We have had school buses and cars stuck and unable to drive up hills or driving down alleys instead. If you have to take the salt, and your health and the safety of our children do not matter to you, the least you could do is throw some of the salt you are taking onto the street to melt the ice. Or you could contact your neighborhood association to get the barrels placed in your neighborhood. In most cases, all it takes is a phone call.

Then you will have your salt and leave the salt in our barrels for the main reason they are placed at these intersections.

PATRICIA SALLIER Fort Wayne

Aqua Indiana customer has lost all patience

We have lived in Aboite Township since 1979 and never had good water. First we had to install a water softener. Then we had to install a pre-filter to remove some of the rust.

The refrigerator has a filter for the ice cubes and drinking water. As the ice cubes melt in a glass, the white solids float around our glass with our beverage.

The water pressure has been reduced to a trickle many times over the years.

Aqua Indiana has reduced flushing of the older water lines to 30 seconds. They no longer give advanced warning. Also, there is damage to hot water heaters, faucets and the rest of the plumbing to consider.

Do not forget the outrageous cost of the well water that has tripled in the last few years, with the promise of more increases to correct last summer’s problems.

We have tolerated this well water too long. Mayor Tom Henry needs to correct this situation soon.

GREGORY R. BRACHT Fort Wayne

Warmer Earth welcome as part of natural cycle

Not only is climate change real, but it has been going on forever.

I’m old enough to remember when our weather patterns were different than they are today, but I’m also smart enough to know that driving my SUV isn’t causing it. The sun, not coal-fired power plants, is the main driving force behind our climate, whatever it happens to be.

The Earth wobbles somewhat as it rotates on its axis, and the Earth’s orbit around the sun is not uniform either. Plus, the sun’s energy output varies too; ergo, climate change. The earth gets warmer, the earth gets cooler. Glaciers grow and advance over the earth, and glaciers melt and retreat; sea levels rise, and sea levels fall, and it has nothing to do with where your house thermostat is set.

My wife and I visited Jamestown, Va., this past December, site of the first permanent English settlement on the James River. Exhibits there told of how archaeologists determined that thousands of years before Capt. John Smith set up housekeeping, the sea level was a hundred feet lower than it is today. And there weren’t even any smoke-belching factories then.

Who’s to say that current sea levels, temperatures, rain patterns, etc., are what’s supposed to be “normal”? Was the Sahara always a desert? Old maps show times in the past when the Northwest Passage was ice free and open to ships. If it happens now, it’s not a unique event in the history of the earth caused by jet planes making the polar ice cap melt.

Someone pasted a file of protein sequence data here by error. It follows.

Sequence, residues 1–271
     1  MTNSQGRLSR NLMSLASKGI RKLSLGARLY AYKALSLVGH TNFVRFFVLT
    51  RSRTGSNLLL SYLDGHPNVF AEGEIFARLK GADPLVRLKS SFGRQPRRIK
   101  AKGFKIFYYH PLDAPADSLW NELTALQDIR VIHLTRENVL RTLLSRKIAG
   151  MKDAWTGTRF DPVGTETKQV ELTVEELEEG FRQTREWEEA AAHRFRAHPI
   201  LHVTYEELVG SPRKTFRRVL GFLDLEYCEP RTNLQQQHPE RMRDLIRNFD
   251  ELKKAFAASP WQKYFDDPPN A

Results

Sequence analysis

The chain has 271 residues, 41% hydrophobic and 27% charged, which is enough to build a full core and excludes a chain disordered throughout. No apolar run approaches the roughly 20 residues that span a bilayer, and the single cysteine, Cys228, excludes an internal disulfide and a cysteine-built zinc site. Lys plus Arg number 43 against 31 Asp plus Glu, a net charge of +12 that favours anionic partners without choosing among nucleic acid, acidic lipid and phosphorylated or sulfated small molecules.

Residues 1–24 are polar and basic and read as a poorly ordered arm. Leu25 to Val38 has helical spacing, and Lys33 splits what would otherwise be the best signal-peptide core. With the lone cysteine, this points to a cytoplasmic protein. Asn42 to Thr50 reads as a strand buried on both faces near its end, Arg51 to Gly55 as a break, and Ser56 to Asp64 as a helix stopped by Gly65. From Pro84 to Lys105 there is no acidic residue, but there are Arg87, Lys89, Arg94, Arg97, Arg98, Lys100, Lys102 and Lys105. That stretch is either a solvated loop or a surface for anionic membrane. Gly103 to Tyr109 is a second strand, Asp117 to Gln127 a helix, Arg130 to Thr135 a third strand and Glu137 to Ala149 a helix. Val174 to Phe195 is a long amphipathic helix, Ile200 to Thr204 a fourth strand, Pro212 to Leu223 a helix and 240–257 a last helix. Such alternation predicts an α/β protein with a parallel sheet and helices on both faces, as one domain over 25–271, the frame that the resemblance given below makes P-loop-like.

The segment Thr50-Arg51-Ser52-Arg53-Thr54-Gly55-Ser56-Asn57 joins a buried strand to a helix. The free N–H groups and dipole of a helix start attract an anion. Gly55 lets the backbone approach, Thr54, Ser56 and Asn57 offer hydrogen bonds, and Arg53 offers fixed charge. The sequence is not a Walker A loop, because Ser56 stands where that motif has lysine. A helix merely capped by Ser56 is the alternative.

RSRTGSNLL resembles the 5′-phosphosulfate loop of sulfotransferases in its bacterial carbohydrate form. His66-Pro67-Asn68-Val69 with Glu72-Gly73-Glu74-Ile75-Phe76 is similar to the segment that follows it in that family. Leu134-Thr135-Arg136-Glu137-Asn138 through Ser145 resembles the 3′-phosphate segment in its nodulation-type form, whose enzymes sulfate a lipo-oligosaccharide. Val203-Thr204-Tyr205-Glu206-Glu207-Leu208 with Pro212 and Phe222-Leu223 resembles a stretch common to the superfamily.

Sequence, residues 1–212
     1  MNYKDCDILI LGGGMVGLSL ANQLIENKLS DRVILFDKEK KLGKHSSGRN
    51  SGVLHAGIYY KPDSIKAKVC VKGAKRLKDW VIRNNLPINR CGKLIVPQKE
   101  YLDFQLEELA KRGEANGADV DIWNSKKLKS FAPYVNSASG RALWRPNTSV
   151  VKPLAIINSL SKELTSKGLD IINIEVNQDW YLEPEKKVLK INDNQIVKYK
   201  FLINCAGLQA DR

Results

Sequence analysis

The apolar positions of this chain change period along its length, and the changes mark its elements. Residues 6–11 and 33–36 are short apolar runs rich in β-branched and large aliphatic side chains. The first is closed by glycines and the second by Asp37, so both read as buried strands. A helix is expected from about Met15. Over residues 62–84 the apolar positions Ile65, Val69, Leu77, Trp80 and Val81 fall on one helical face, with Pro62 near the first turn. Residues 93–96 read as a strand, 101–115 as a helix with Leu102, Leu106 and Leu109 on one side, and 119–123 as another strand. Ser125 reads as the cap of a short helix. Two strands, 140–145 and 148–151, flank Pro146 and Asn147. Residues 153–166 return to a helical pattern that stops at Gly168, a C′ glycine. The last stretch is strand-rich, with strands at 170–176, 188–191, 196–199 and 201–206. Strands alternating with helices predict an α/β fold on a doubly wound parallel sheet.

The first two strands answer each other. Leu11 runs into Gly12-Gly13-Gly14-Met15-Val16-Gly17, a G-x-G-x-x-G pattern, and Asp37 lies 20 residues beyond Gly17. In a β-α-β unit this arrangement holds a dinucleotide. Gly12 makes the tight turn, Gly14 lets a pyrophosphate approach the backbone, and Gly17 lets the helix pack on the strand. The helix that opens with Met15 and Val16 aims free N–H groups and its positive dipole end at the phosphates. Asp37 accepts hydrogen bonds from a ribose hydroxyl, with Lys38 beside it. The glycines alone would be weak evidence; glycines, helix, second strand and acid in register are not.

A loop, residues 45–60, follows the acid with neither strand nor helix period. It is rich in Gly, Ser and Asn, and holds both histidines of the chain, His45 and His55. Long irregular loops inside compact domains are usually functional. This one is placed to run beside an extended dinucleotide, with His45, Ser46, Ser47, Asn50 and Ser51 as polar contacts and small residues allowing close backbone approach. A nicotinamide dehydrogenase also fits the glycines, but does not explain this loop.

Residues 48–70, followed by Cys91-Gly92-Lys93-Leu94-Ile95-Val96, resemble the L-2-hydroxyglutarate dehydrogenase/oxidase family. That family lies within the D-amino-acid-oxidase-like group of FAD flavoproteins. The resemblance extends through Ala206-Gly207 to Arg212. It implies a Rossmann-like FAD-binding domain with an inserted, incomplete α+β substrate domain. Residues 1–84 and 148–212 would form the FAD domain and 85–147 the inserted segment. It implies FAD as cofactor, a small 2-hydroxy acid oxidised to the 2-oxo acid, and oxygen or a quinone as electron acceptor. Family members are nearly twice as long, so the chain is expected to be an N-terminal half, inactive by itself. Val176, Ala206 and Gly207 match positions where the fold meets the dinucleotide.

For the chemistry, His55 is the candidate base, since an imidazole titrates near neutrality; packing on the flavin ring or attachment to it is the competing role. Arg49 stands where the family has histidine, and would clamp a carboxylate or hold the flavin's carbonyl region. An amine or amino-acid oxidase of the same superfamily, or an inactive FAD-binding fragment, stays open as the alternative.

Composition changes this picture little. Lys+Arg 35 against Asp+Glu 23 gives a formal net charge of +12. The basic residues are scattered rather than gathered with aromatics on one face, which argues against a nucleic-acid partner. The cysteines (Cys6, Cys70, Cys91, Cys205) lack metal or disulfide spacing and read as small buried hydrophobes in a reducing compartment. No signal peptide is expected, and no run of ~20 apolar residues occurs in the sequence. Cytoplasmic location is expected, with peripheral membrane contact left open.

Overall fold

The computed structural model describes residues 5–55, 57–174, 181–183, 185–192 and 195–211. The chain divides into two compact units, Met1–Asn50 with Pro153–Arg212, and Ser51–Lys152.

And that evil carbon dioxide, supposedly responsible for climate change? It’s considered just a trace gas in the atmosphere. People are getting rich by scaring you.

So relax, people, and go with the flow, climate change, that is. And remember, a warmer Earth is more life friendly than a cold Earth.

KEN SELKING Decatur

Paperís anti-voucher bias shows in reporting

It is amazing to see The Journal Gazette’s education beat writers’ coverage of charter schools failing to get their charters renewed from Ball State. Based on their sterling previous analysis of education woes, you’d think the writers and editors would be saying that this is no time to pull support of the broken system and find alternatives. You’d think that they’d be advocating fixing the schools by throwing more money at them. That would be too consistent though.

Instead, reasonable people are left to the conclusion that based on The Journal Gazette’s reporting (“Charters’ test scores miss mark,” Jan. 27), it is only OK for public schools to waste money on failing education. It is further amazing that in Sunday’s article, they were even advertising for “more traditional” education choices like a few of the area public school districts (EACS and FWCS), that have closed schools of their own and flip-flop their entire philosophy on education every few years.

The voting public overwhelmingly supports the state legislature that put charter and voucher programs in place to help offset the cost for families trying to escape these failing public school cultures. Those moves have been criticized every step of the way by The Journal Gazette. The only thing negative about vouchers that I have yet to see from the JG (or the American Civil Liberties Union, for that matter) is questioning the discrimination of the voucher rules that only keep students already too closely associated with non-public education from being eligible. It is no wonder that FWCS especially will fail to be challenged with a local newspaper that is their best buddy.

JOE KIMES Fort Wayne

Advertisement